November 19th, 2013 | Uncategorized | 0 Comments
NOT for the first time, Labor has fallen for the fallacy that defeat is more virtuous than victory.
As I write in The Australian today, September’s loss seems inexplicable to many in the party, since Labor had the strongest moral claim on government.
National secretary George Wright told the National Press Club recently:
I would say we are on the right side of history. We are on the right side of science, we are on the right side of economics and on the right side of preserving for the long term our living standards.
Awkwardly, being on the right side of history puts the party on the wrong side of parliament. I write:
Once again, the Labor Party appears to be convinced that while they may not have run the best of election campaigns, it was the electorate that really stuffed it up.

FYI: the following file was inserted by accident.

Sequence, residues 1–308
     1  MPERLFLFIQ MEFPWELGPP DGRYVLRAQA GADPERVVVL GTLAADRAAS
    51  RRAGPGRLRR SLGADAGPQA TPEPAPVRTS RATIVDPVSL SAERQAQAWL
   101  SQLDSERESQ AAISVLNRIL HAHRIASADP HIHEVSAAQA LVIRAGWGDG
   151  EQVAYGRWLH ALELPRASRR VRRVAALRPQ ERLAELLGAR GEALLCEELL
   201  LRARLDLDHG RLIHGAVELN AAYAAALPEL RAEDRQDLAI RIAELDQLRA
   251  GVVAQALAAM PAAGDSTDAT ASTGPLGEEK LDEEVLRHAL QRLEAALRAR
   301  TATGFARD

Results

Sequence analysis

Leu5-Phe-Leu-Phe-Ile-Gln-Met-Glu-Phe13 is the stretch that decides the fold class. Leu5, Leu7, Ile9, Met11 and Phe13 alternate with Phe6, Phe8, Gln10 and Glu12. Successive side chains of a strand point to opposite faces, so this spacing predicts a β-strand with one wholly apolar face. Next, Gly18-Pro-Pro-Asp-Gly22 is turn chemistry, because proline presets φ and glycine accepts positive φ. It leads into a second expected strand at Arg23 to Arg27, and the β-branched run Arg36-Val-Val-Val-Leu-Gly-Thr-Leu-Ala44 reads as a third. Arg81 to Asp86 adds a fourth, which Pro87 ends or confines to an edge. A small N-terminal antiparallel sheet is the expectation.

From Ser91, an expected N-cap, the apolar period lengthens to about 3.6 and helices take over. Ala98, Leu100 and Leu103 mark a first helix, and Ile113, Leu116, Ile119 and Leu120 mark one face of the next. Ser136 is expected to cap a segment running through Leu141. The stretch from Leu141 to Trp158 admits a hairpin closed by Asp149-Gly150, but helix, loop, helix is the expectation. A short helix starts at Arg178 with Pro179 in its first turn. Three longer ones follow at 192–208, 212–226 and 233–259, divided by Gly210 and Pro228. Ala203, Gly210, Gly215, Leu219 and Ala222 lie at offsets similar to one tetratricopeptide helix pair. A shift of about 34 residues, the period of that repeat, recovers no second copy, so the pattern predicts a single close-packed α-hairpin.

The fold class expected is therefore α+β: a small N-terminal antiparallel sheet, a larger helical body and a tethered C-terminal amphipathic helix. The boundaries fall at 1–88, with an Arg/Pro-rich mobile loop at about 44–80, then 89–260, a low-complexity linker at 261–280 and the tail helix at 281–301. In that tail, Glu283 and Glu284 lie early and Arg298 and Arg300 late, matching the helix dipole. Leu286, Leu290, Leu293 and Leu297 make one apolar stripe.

And Kevin Rudd too, of course, but he has gone now, so everything is back on track. The party will show it is on the right side of history by digging in its heels in defence of an unsellable principle.
Having failed to make a persuasive case to put a price on carbon from government at two elections, Labor will now try to make the case from opposition and see how things go.
Averting the coming climate catastrophe is, of course, a laudable ambition but Labor should surely have registered by now that tree hugging is a middle-class luxury the workers’ party can ill afford.